The funding of higher education remains deficient

Share

For all those universities given the green light by the Government's Office for Fair Access to charge students £3,000 a year from 2006, the outlook looks considerably less bleak this morning. At last they have been guaranteed the income they so urgently need, and without which they would have inevitably slipped into long-term decline.

For all those universities given the green light by the Government's Office for Fair Access to charge students £3,000 a year from 2006, the outlook looks considerably less bleak this morning. At last they have been guaranteed the income they so urgently need, and without which they would have inevitably slipped into long-term decline.

But the announcement also highlights how deficient our higher education funding mechanism remains. The primary objective of tuition fees was to guarantee more funds for our universities - all of which have been struggling financially as a result of the Government's drive to send 50 per cent of school leavers into higher education. While the money from fees will help, it is by no means enough. It is estimated that universities require some £8bn a year if standards are to be maintained. The extra revenue from the new system will only add up to £1.3bn. The £3,000 cap on fees - inserted into last year's tuition fees Bill to appease Labour backbenchers - must be raised.

Another reason for raising the cap is to ensure there is a proper market in the provision of higher education. More than 90 per cent of universities will charge the maximum fee. This means there will be almost no price differentiation among degree courses next year. At the moment, the pressure on universities to increase revenue is greater than the pressure to attract students. Only when universities are permitted to charge something approximating to the true worth of a particular course will there be real competition. And competition is the only way to guarantee the higher education standards our economy demands.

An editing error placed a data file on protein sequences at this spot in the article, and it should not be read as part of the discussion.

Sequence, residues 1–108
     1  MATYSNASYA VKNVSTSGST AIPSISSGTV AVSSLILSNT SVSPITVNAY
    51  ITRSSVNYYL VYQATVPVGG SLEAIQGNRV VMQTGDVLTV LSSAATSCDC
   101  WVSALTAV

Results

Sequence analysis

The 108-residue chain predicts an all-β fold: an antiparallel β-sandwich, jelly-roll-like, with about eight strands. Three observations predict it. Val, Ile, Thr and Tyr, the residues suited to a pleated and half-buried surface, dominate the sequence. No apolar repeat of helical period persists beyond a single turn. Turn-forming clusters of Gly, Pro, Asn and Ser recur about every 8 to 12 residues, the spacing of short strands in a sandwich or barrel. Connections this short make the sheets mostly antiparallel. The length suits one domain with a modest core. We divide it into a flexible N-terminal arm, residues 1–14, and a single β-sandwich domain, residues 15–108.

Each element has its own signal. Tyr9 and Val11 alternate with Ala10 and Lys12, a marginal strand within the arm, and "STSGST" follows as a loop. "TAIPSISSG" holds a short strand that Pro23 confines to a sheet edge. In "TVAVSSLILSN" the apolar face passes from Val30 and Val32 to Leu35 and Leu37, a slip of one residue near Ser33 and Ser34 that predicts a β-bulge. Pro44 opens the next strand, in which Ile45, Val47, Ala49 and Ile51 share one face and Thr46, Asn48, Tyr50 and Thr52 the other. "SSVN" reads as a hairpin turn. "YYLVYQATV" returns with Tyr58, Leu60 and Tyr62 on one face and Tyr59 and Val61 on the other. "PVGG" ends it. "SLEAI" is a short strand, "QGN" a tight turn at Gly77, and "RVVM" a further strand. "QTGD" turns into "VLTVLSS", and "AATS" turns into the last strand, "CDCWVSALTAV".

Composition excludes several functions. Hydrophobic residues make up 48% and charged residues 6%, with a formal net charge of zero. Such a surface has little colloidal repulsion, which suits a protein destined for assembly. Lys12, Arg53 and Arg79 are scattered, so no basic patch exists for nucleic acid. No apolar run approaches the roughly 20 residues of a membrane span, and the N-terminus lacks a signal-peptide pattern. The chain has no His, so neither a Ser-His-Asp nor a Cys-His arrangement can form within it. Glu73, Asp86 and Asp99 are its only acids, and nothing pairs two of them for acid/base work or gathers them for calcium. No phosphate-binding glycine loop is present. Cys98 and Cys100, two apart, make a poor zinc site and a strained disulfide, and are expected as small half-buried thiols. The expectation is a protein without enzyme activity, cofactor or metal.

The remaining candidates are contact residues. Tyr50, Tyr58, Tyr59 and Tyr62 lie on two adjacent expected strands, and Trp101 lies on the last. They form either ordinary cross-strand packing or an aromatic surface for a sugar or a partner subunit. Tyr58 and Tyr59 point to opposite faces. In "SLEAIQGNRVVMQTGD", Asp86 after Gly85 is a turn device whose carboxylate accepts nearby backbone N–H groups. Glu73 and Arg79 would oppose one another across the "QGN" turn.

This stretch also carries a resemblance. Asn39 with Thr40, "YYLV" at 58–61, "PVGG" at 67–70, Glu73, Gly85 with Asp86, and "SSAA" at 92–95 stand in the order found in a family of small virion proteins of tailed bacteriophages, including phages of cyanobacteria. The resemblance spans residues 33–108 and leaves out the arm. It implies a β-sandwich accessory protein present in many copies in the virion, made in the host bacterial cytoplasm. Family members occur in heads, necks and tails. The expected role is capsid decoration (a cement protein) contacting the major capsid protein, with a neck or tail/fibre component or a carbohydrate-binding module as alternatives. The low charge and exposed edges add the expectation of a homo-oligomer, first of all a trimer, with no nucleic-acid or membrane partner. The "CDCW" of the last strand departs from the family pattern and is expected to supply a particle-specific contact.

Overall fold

Of course, it is important that those from poorer backgrounds are not put off by the size of the fees (although it must be remembered that these will not be paid back until after graduation). For this reason, the generous bursaries and incentive schemes announced yesterday are welcome. The flourishing state of many American universities shows that such schemes are effective.

The first hurdle in reforming the funding of our higher education system has been cleared. But there is a considerable distance still to be covered.

React Now

Latest stories from i100
iJobs Job Widget
iJobs General

Guru Careers: Software Developer / C# Developer

£40-50K: Guru Careers: We are seeking an experienced Software / C# Developer w...

Guru Careers: Software Developer

£35 - 40k + Benefits: Guru Careers: We are seeking a Software Developer (JavaS...

SThree: Trainee Recruitment Consultant / Resourcer

£18000 - £23000 per annum + Commission: SThree: As a Trainee Recruitment Consu...

Ashdown Group: UI Developer - (UI, HTML, CSS, JavaScript, AngularJS)

£25000 - £40000 per annum: Ashdown Group: UI Developer - (UI, JavaScript, HTML...

Day In a Page

Read Next
Yvette Cooper campaigning in London at the launch of Labour’s women’s manifesto